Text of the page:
The problem with this approach is that, in eliding the issues introduced by relations etc., we allow the static analyzer to return unsound assignments. For example, when we have disjunctions of injective relations (injective functions), we can generate unsound assignments. Consider the guard var1 || var2, where var1 <- userid == 1234 and var2 <- userid == 2345. Then when we generate all valid assignments for var1 || var2, we will produce the unsound assignment that sets both var1 and var2 to true. In order to know that we can never do this, we must look inside the atoms var1 and var2 to see that have a shared reference that puts a restriction on their downstream assignments. Although we could try to roll our own implementation to track constraints, we decided to give Z3 a shot instead.


So although in principle Z3 should be super easy to use, it’s a huge pain in the neck (as in, my neck is currently causing me pain from having been leaning over my computer for so long). Just kidding! Although the OCaml implementation can be in flux, Z3 abides by the SMTLib protocol. Arjun has written a nice library for communicating with Z3. I’ve adapted it to work with planalyzer.

Z3/Smtlib allow you to, in some sense, enter the entire program into the solver. If all I wanted was to know if a path through a program was unsatisfiable, or if it were satisfiable, what a witness looked like, I would just convert my entire program into a Z3 program of declarations and assertions, send it to Z3, and do whatever I need to do with the response. The problem is that I want something more than this. Specifically, I need to know what parts of a guard need to remain symbolic, and which can be instantiated. Consider the case of a guard having boolean literals and numeric relations. The boolean case will generalize to variables with bounded domain; the numbers represent sets having at least the cardinality of the natural numbers. I pinged Arjun about whether or not Z3 could tell me the cardinality of the satisfying, and he said the problem was squarely in #P and that Matt Fredrickson’s 2014 LICS paper had a supplement that could be used for this. He also warned that computationally, it might be a bit of a drag, so I decided to punt on this for now.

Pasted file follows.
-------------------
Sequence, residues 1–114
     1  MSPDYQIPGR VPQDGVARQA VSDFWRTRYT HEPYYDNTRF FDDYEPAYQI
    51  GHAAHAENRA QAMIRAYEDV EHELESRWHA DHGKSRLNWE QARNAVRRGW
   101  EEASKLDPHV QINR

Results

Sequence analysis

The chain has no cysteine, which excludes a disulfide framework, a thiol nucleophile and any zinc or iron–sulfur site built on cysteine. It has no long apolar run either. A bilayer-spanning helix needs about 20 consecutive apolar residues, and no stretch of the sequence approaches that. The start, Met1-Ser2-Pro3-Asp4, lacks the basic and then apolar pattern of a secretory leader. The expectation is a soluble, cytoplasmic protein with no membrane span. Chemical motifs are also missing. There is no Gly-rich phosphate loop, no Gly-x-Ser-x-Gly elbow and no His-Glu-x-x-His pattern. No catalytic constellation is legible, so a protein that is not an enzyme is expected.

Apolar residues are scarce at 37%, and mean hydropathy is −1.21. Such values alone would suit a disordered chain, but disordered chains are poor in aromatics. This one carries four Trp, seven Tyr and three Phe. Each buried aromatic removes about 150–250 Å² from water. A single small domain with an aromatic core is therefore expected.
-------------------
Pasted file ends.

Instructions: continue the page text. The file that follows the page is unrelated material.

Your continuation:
In any case, the current approach is to first test whether the assertion along a path is unsatisfiable. If it is unsatisfiable, then whatever values are bound in the current context are a contradicton and should not be considered when computing experiment variants. If it is satisfiable, then I ask Z3 for a model. I save this model temporarily, while I check to see if the model is unique. I do this by opening a context and pushing negated assertions of equality for the current bindings (i.e., if Z3 says 1234 is a satisfying assignment for userid, then I push an assertion that says userid can’t be 1234). I then ask again whether the conditions are satisfiable. If not, then I have a unique solution. If so, then it’s not unique. If it’s not unique, then I leave the term in its symbolic form. If it’s unique, I replace it in the current context.

Two other cool things I’ve learned from poking around Arjun’s code

  1. local opens: let open <module name> in
  2. includes – this may solve the name clash problem I tried to handle in mutually recursive modules